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Zagreb Trip Report

My favorite place in Croatia is Mala Hiza, but it is not in Zagreb (2 hours away, but worth the trip for an amazing rustic meal).

In the city, I can recommend Trilogija (daily menu) and Vinodol (more traditional)
Didin san is a nice place serving food from continental Dalmatia in Zagreb.

Aug 26, 2014
Dalmina in Europe

Zagreb Trip Report


Aug 26, 2014
Dalmina in Europe

Lebanese Vs Greek Vs Turkish

Interesting insights and many half-facts. First of all, as a historian and a Turkish resident I must say that the notion of the Persian roots is very wrong. While there is some influence of Persian culture to the cultures of Anatolia, Persian rulers only ruled for around 300 years, during the Achaemenid Empire. Turks as such only came to Anatolia in the 10th century, both Seljuk and later Ottoman, and they brought with them eating traditions that are a little different than the ones the indigenous cultures had.

Modern Turkish cuisine is mainly influenced by its Ottoman heritage, and depending on the region in some places local traditions are really strong.
I live in the western part of the country and while dishes seem similar (esp. desserts) there are quite a few differences between Greek and Turkish food. It is evident even in the ways of preparing and serving the fish (maybe I am more sensitive to it coming from another Mediterranean country) in Kusadasi and the nearby Greek island of Samos.

Turks don't consume seafood that much, besides fish and mussels, and occasional fried calamari. Shrimp dishes are a rare treat for those who can afford it, but to my utter shock most people here find seafood disgusting, especially octopus, crabs etc.

Turks use a lot more butter and dairy in general. Greek food is lighter, heavier on typical Mediterranean spices, basil, oregano, rosemary. Turks prefer sumac, isot, aci biber and other kinds of pepper, and they love the sheep tail fat.
Turkish soups are mostly roux based and much heavier than traditional Greek soups I had.

Lebanese cuisine on the other hand feels fresher and lighter than Turkish, aromas are more clearly pronounced.
For example, kisir and tabbouleh, both bulgur dishes, illustrate this very nicely. Turkish version is loaded with tomato and pepper paste that mask other ingredients, and there is no that refreshing zing you get with your lebanese tabbouleh.
But of course, any kind of generalization is an oversimplification to say the least.

Personally, I can't believe that Turks don't have their own version of falafel, since many Turkish dishes have an equivalent in Levantine cuisine.

I feel blessed to live in this part of the world where I have an easy access to all three cuisines. I'd personally choose Greek for seafood and meat, Lebanese for vegetarian dishes and salads, Turkish for desserts and mezze, as well as soft cheeses and olives.

Croatia and Bosnia Suggestions?

I know it is too late now, but maybe it will help someone else.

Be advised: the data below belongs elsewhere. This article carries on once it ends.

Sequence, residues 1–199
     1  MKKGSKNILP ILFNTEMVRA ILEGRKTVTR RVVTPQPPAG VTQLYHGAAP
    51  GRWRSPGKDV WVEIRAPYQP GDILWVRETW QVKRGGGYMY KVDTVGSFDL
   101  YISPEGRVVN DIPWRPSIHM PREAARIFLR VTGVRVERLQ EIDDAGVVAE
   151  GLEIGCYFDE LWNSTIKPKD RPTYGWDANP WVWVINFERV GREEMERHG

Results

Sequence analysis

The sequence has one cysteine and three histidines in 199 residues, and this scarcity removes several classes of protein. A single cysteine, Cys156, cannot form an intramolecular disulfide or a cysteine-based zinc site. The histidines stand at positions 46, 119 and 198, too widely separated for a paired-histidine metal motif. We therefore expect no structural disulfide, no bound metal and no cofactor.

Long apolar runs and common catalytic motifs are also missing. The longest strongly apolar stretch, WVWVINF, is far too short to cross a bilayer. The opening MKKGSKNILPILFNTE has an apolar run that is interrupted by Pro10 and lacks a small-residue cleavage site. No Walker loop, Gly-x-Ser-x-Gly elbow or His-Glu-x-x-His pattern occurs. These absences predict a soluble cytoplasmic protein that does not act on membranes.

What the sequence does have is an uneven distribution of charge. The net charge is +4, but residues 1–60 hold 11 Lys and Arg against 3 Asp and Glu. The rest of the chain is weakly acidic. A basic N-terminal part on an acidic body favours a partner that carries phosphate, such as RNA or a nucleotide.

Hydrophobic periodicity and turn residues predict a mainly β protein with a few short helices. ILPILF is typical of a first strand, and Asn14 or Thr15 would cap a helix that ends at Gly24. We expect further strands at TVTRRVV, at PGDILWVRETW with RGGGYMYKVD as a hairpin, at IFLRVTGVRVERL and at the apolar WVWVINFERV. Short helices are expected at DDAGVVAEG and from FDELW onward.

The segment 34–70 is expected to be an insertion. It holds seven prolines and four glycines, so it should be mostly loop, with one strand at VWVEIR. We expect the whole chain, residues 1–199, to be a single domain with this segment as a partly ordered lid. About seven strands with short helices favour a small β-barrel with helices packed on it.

In Croatia it is extremely important to know where to go, cause unfortunately it is one of those countries where homecooking often exceeds affordable dining options in restaurants. (high-end restaurants serve great food, but are very expensive, pretty much overpriced).

In Bosnia, definitely try cevapi (Zeljo and Ferhatovic Petica are usually a safe choice). Bosnia is very cheap, and food is very similar to what you would find in Turkey but with less vegetables and more starches. A lot of pite (pies) and turkish style deserts (in sugary syrup).

Zagreb has been undergoing a gastronomic revolution and there are a lot of new restaurants that set new standards for all true foodies in the region.
My favorites in Zagreb include Takenoko (try their fusion dishes), Zinfandel's (the main dining room in the fin de siecle hotel Esplanade, a little expensive but so worth it), Karijola for pizza, Ribice i tri... (for a taste of Dalmatia in the capital), Prasac (set menu, talented chef),
However, if you are primarily looking for great food in Croatia, don't miss out Mala Hiza 2 hours away from Zagreb. The food is a divine - traditional flavors combined with great creativity.

In Split, Nostromo at the fish market is a very nice place. There are so many new restaurants it is impossible to recommend just one. There are also plenty of traditionak konobas to check out in the city centre.

In Vis, the best places are Pojoda and Vatrica in Vis, an informal restaurant on a farm in Zena Glava, Bako in Komiza (dont miss out the tour to the Blue Grotto).

In Dubrovnik if you get bored of the grilled fish and dalmatian cuisine, the food is superb in Oyster and Sushi bar Bota and the veggie place Nishta ("nothing" :)) )

Also, don't miss visiting Istra - the cuisine there is spectacular. And many of the best Croatian restaurants are there (Kukuriku, Le Mandrac..)

This a great website to check out:

Jun 16, 2013
Dalmina in Europe